Looking back at lesser All-Stars

Looking back at lesser All-Stars


Looking back at lesser All-Stars


One of the best parts of Major League Baseball’s All-Star game — which will be played for 84th time at 7 p.m. today at Citi Field in New York — has always been the mandated inclusion of at least one player from every team on either the American or National League rosters.

It’s a rule that has its critics, of course, who argue that having to select at least one Kansas City Royal means another worthy candidate from a better team is left out.

That’s a fair point, I guess — hard to argue with on the surface. After all, imagine watching a star-dominated league like the NBA try to justify including a member of the Charlotte Bobcats in its All-Star game.

But baseball’s everybody-gets-included rule does help make its All-Star game relevant to fans, even casual ones, in all markets in a way that other All-Star games just aren’t. I can still remember staying glued to the TV set long past bedtime as a kid in the early-to-mid 1980s, waiting for the lone representative of some truly-awful Twins’ teams to finally get in the game — even if it was just a brief cameo in the field. It was perhaps the one time in a long and weary summer that anyone on a national level even acknowledged the Twins’ existence.

Even if those players were likely to be playing elsewhere — if at all — a season or two later.

Two Twins will play for the AL in tonight’s game — catcher Joe Mauer and reliever Glen Perkins. But Perkins was an injury replacement and you can argue the Twins have essentially returned to one-courtesy pick status.

So with that in mind, I thought it would be fun to take a position-by-position look back at perhaps the least-remembered Twins’ All-Stars over the years.

Catcher: I’d love to highlight Butch Wynegar, simply because he was one of my favorite Twins’ baseball cards as a kid.

But he was an All-Star pick for two-straight seasons in 1976 and ’77 — meaning he left a bit more of a lasting impact.

That means the pick here has to be Dave Engle, who hit .266 in 1984 and was the team’s lone selection when the All-Star game was played at a gloomy Candlestick Park.

I remember a shot of him just sitting in the dugout, biding his team in what was the lone All-Star appearance of his nine-season career.

First base: Ron Coomer, the team’s lone selection in 1999, hit .263 in 1999.

And though he is now a nice change-of-pace in the Twins’ broadcast booth, the fact that he was once named an All-Star really tells you all you need to know about the quality of the teams the Twins put on the field in the second half of the 1990s.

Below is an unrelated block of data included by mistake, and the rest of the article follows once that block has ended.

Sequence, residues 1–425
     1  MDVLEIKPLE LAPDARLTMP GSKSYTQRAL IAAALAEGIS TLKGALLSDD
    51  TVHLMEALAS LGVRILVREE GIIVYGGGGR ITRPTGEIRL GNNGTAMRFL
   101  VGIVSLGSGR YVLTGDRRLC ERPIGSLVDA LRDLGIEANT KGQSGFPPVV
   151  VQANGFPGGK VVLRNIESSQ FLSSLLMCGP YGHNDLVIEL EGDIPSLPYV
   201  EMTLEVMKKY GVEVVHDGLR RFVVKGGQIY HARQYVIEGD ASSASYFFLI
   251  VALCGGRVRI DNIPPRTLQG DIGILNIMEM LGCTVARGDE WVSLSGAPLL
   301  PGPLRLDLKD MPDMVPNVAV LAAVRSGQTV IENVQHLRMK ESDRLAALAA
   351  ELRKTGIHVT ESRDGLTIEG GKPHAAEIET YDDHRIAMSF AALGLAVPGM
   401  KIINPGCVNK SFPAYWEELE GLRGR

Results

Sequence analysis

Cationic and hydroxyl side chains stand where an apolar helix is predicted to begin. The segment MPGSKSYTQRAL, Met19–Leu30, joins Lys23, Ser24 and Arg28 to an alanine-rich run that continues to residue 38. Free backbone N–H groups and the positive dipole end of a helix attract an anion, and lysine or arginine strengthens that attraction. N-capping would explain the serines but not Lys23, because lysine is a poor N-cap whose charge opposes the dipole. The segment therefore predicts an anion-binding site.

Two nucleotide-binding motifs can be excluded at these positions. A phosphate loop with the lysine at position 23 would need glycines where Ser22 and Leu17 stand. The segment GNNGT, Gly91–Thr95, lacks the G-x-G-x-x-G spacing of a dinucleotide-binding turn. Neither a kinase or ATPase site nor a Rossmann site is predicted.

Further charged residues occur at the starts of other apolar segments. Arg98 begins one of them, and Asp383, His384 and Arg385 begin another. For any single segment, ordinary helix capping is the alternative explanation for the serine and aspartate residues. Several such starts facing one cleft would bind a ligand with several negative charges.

Second base: No good candidates here.

Rod Carew certainly earned his 12 all-star appearances in a Twins’ uniform.

And while Chuck Knoblauch may have made it a couple of times because the Twins had to have one pick, he certainly played at fairly high level in Minnesota, even if the lasting memory of him now is as the guy who forgot how to throw a baseball in New York.

Shortstop: Tough call because guys like Cristian Guzman (2001) and even current Fox Sports North commentator Roy Smalley (1977) once made All-Star appearances at this position.

But we’ll go with Leo Cardenas, who was named to the AL roster in 1971, but didn’t play in the game.

Third base: Rich Rollins started both All-Star games during the 1962 season (they played two) and batted .298 that year with 96 RBI.

He was certainly a worthy choice, but he isn’t remembered the way other Twins’ All-Star third basemen like Harmon Killebrew and even Gary Gaetti are now.

Outfield: We’ll go with three here.

Ken Landreaux certainly earned his status as the team’s lone representative in 1980, compiling a 31-game hitting streak that season, the longest in the AL since 1949.

And he went on to play on some very good teams with the Los Angeles Dodgers.

But he isn’t exactly a household name among Twins’ fans.

Gary Ward, the team’s lone pick in 1983, was one of my favorite players as a kid. And he’d even make the All-Star game again after the Twins traded him away.

But any memories fans had of him in the Metrodome outfield faded after Kirby Puckett arrived on the scene.

And Matt Lawton, who was the Twins’ lone representative in 2000, may be best remembered for once failing a drug test, though he did hit .305 that season and was named the Twins’ player of the year.

He also went on to make the game one more time after leaving the team.

Pitcher: Let’s go with Doug Corbett, who played in the big leagues from 1980-87.

He was the lone Twins’ pick in 1981, a season in which he finished with an ERA of 2.57.

He was dealt to the California Angels, along with infielder Rob Wilfong, the following season for, among others, Tom Brunansky, the current Twins hitting coach and a member of the 1987 World Series championship team.

Brunansky would go on to be the Twins’ lone representative when the game was played at the Metrodome in 1985.

The All-Star game returns to Minnesota next season.

And it’s a good bet there will only be one Twin playing in that game.


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